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Just last week, in my English class that centers around boredom, my professor played the 2015 film The Lobster for three consecutive classes. Everyone was thrilled, of course, to know that the class would start off with a movie instead of long lectures on what we should expect of the class and the outcomes of it. Even though I had never heard about such movie, the thought of sitting in class to watch a film on the first week of school was too appealing for me to complain. However, we were in for quite a surprise once the movie began and we slowly realized that it was not the typical, cliche movie Hollywood so often feeds its audience. Although this was a bit of a relief, it  was terrifying to piece together the strange yet intriguing plot, characters and story of the movie as it progressed, in a very strange way I might add.

Set in a dystopian society where love is manufactured and determined by similarities, the narrator, who goes by the name of David, is forced to move to a hotel where single people are given 45 days to find a mate or else be turned into an animal of their choice. As strange as this sounds for us, it is the reality of the society within the film, where everyone must be married in order to live within the city and have decent jobs and lives. If you happen to be single, the only way of living a good life is to seek a mate in one of the hotels designated to partner up their guests.

More than the plot itself, the movie’s film director does an amazing job of placing the actors and the camera in every scene in a way that portrays the gruesome and eeriness that the plot is trying to convey. The scenography is very symmetrical, with different scenes having people right down the middle of them. There are also very extreme differences in the shapes between the scenes in the woods - the main character joins a group of loners who refuse to join the mating hotels - and the city that they visit once in a while for supplies. The scenes in the city are filled with isolation and it becomes hard to stand out in such dull, gray spaces. In contrast, the woods have abstract shapes that give a more romantic atmosphere, one where many things can happen but those things can bring about dangerous consequences.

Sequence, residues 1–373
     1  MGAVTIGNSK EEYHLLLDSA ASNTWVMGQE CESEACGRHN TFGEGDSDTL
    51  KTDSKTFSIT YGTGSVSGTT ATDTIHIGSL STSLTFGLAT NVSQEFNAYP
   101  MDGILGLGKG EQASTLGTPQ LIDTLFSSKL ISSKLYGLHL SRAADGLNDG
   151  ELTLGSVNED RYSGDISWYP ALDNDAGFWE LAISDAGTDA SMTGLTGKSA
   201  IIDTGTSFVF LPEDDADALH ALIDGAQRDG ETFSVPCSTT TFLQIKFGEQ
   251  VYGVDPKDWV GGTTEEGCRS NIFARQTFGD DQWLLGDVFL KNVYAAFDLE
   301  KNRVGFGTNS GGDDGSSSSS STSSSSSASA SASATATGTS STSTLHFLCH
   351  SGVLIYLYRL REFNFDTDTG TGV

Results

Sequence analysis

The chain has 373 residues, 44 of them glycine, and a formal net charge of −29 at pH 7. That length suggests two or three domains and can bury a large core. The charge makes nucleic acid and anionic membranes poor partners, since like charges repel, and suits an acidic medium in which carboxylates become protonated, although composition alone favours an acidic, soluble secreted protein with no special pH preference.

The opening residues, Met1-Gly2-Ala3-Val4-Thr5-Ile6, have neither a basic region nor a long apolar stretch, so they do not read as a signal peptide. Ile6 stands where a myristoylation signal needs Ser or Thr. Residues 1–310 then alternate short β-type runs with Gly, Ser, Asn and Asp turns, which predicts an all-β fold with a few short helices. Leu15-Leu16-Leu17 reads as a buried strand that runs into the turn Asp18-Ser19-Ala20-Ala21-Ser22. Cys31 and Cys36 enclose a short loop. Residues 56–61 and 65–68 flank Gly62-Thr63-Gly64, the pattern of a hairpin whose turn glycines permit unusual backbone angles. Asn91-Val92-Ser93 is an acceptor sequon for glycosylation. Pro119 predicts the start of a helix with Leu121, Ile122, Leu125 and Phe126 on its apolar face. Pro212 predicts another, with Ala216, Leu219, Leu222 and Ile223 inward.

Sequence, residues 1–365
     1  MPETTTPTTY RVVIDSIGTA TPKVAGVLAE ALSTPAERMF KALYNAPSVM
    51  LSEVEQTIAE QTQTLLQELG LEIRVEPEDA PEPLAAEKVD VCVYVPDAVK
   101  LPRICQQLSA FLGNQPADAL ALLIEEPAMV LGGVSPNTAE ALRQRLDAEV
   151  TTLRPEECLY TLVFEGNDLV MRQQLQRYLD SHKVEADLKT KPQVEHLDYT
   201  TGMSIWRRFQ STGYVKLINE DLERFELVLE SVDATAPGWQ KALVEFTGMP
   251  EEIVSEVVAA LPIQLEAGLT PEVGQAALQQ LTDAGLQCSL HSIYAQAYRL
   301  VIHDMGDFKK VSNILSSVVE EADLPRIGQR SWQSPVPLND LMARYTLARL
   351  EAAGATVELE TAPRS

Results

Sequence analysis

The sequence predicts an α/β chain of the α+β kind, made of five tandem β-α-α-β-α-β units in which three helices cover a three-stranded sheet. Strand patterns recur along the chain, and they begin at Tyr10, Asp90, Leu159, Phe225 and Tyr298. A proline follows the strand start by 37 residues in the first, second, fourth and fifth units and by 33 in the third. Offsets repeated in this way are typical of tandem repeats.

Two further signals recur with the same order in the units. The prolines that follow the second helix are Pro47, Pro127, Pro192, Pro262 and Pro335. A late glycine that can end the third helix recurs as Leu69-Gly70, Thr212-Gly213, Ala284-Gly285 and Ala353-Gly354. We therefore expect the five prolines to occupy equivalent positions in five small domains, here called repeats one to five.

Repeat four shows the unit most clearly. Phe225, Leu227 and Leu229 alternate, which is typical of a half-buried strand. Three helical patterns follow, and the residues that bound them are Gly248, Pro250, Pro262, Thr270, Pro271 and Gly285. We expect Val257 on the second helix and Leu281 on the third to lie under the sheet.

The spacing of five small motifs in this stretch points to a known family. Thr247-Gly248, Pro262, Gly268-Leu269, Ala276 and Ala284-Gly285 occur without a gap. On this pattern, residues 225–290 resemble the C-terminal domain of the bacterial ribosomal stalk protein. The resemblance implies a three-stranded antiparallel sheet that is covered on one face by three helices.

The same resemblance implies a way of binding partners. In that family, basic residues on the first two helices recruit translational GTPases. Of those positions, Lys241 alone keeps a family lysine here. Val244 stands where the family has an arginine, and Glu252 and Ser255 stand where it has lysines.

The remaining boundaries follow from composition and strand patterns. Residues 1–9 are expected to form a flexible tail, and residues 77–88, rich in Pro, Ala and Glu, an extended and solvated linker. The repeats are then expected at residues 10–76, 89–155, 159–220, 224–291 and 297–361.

There is an idea of something missing, absent from the protagonist, David, and the rest of the characters who are all pretty much plain and basic. Their characters are not complexed and because of this the movie can be very boring. However, the moments of great contrast, either with too much violence or too much sex, that happen randomly throughout the movie are what keeps the audience at the edge of their seats and wondering how was it that society got to this point. The space between people and the protection of what holds us together as human beings is what the movie is trying to fight for. The part of us that makes us human and maintains our humanity, which in the movie is lost with something as simple as not finding a mate within a certain amount of days.

I hope this small review does not spoil the movie too much but rather gives a bit of insight into the themes and goals of the film. I will not lie, the movie is probably the most dull and boring I have seen in a while and at the same time, the most suspenseful and important one when it comes to analyzing our society. I would recommend watching it if you like films with deeper meanings that depict evil things in a society that may not be too different or far from our own.


Emily Flores

UC Irvine '21

Emily is a third-year student at the University of California, Irvine. She is an English and Spanish Literature double major. She is currently learning Korean and would like to one day teach English in South Korea. In her free time, Emily loves reading, writing, and drawing. "Love looks not with the eyes, but with the mind; and therefore is winged cupid painted blind." -William Shakespeare
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